Here’s why Vancouver’s first baby of 2023 won’t be in Canada for long [birth tourism]

Classic birth tourism example. The couple came to Canada because “we chose Canada because the Canadian passport is better.” They couple had enough money to travel to Canada and pay the non-resident fees but now given complications and the deteriorating economic situation in Egypt are encountering financial hardships (unlike more wealthy women who come to Canada to give birth and can afford birth tourism residences).

The other point of note is the naiveté of the couple in being so frank about their reasons for coming to Vancouver, and it is rare to have those coming for birth tourism to be interviewed and quoted. The reporter lack of awareness of the citizenship aspects and related issues is also of note:

Baby girl Hana Amr Fouad was born at 2:54 a.m. on January 1, 2023, in Vancouver’s St. Paul’s Hospital, weighing in at nine pounds 1.5 ounces. But circumstances surrounding her birth are not typical of a new year’s baby.

Parents Salma Gasser and Amr Fouad flew to Vancouver from Cairo, Egypt “to give the baby this opportunity,” says her father.

They carefully considered the place of Hana’s birth and secured visas for both the U.S. and Canada but ultimately, “we chose Canada because the Canadian passport is better,” explains Fouad. However, things haven’t quite gone to plan.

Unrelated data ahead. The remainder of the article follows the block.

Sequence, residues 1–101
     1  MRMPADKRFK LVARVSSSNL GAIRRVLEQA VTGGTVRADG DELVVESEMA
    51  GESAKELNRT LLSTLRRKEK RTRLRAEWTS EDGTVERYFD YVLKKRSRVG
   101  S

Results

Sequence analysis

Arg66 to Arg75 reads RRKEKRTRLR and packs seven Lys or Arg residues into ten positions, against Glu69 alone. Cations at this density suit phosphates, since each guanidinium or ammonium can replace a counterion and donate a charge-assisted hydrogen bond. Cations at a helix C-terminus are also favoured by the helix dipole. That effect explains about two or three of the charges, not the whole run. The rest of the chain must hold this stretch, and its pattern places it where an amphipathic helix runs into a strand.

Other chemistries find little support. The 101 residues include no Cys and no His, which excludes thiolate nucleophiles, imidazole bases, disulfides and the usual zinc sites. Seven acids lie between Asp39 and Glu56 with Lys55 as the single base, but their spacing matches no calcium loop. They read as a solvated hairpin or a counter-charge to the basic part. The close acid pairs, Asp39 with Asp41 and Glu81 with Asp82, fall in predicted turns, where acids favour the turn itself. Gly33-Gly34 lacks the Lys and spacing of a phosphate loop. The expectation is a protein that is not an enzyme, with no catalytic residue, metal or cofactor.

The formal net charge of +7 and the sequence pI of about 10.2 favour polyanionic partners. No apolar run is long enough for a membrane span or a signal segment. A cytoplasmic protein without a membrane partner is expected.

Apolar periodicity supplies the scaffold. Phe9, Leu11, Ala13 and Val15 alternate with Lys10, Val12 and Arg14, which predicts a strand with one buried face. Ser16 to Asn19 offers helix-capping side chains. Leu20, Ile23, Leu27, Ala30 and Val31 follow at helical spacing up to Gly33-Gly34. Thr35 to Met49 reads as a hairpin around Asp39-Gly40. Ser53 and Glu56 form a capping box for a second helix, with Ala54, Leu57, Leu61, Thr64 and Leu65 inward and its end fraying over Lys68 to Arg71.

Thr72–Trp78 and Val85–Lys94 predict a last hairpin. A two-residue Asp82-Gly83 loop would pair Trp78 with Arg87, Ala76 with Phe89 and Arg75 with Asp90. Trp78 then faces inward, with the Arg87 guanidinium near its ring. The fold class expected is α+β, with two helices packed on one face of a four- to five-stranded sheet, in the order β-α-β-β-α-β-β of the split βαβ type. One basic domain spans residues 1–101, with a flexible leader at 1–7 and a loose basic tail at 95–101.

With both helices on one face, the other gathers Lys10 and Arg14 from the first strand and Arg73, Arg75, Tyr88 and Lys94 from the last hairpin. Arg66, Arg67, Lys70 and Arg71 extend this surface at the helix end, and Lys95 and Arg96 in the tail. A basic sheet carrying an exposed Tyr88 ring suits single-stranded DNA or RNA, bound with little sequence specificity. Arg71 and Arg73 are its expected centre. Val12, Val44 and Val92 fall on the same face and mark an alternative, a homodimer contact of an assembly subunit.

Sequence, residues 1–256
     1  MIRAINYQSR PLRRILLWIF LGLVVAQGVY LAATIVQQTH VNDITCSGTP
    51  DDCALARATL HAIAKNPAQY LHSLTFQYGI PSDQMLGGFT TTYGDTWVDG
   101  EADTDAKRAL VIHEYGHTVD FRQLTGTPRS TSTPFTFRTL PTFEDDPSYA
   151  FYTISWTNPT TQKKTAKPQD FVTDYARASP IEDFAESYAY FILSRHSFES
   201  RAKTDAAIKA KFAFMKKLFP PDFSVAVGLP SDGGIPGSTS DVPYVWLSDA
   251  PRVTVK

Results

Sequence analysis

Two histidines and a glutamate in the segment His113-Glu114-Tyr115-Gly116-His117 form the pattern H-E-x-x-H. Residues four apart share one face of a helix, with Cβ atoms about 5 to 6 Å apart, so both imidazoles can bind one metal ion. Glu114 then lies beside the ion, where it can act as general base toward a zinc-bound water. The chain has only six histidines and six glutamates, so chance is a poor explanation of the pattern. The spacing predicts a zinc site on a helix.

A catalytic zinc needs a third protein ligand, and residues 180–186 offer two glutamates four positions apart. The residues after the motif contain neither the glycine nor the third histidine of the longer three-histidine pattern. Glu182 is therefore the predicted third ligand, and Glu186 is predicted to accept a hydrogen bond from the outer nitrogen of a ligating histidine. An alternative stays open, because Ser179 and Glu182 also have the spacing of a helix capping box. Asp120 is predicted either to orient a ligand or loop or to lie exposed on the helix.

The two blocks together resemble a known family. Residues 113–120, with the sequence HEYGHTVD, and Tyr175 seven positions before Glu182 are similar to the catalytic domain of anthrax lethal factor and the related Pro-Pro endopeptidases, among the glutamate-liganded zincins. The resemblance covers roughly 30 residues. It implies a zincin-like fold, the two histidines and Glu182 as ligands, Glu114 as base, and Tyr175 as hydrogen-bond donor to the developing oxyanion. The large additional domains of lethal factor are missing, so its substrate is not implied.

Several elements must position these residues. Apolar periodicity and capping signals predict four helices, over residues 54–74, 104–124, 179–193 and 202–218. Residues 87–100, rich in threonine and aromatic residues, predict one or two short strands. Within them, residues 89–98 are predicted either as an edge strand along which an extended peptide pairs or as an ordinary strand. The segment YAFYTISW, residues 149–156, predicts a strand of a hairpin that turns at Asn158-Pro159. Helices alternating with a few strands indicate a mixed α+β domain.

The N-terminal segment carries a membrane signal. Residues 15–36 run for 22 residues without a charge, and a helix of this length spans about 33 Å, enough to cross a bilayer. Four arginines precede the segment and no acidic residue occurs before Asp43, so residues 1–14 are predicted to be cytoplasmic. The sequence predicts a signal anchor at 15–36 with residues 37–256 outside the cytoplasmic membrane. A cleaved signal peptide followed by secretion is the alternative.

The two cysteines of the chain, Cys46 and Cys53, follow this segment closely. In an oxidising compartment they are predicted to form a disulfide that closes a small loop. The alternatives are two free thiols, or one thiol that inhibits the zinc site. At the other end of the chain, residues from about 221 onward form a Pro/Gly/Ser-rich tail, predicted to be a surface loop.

For starters, baby Hana was over a week late.

Gasser, whose brother lives in Vancouver, arrived in Canada two months ago and Fouad arrived just under a month ago. This is the pair’s first time in Canada.

Hana’s due date was Dec. 17 and the couple pre-paid for a natural birth but in the end, Gasser needed a C-section.

Mother and baby are resting at home with the midwife but the delay and changed birth plan have caused complications for the family.

Fouad says that since arriving in Canada, Egypt has imposed strict limits on credit cards and the value of the Egyptian pound has been steadily depreciating, both of which are putting unanticipated financial strain on the couple. The hospital bill for a C-section is also higher than for a natural birth so the couple is facing an unexpectedly higher cost for Hana’s birth. 

“We are still trying to figure it out,” says Fouad.

The family is anxiously awaiting the birth certificate for baby Hana – which can take up to six weeks to be issued – and then plan to secure a Canadian passport for their daughter. They will be returning home to Egypt but have plans of coming back to B.C. in the future.

“We hear Vancouver is much nicer in the summer,” he says.

Source: Here’s why Vancouver’s first baby of 2023 won’t be in Canada for long

About Andrew
Andrew blogs and tweets public policy issues, particularly the relationship between the political and bureaucratic levels, citizenship and multiculturalism. His latest book, Policy Arrogance or Innocent Bias, recounts his experience as a senior public servant in this area.

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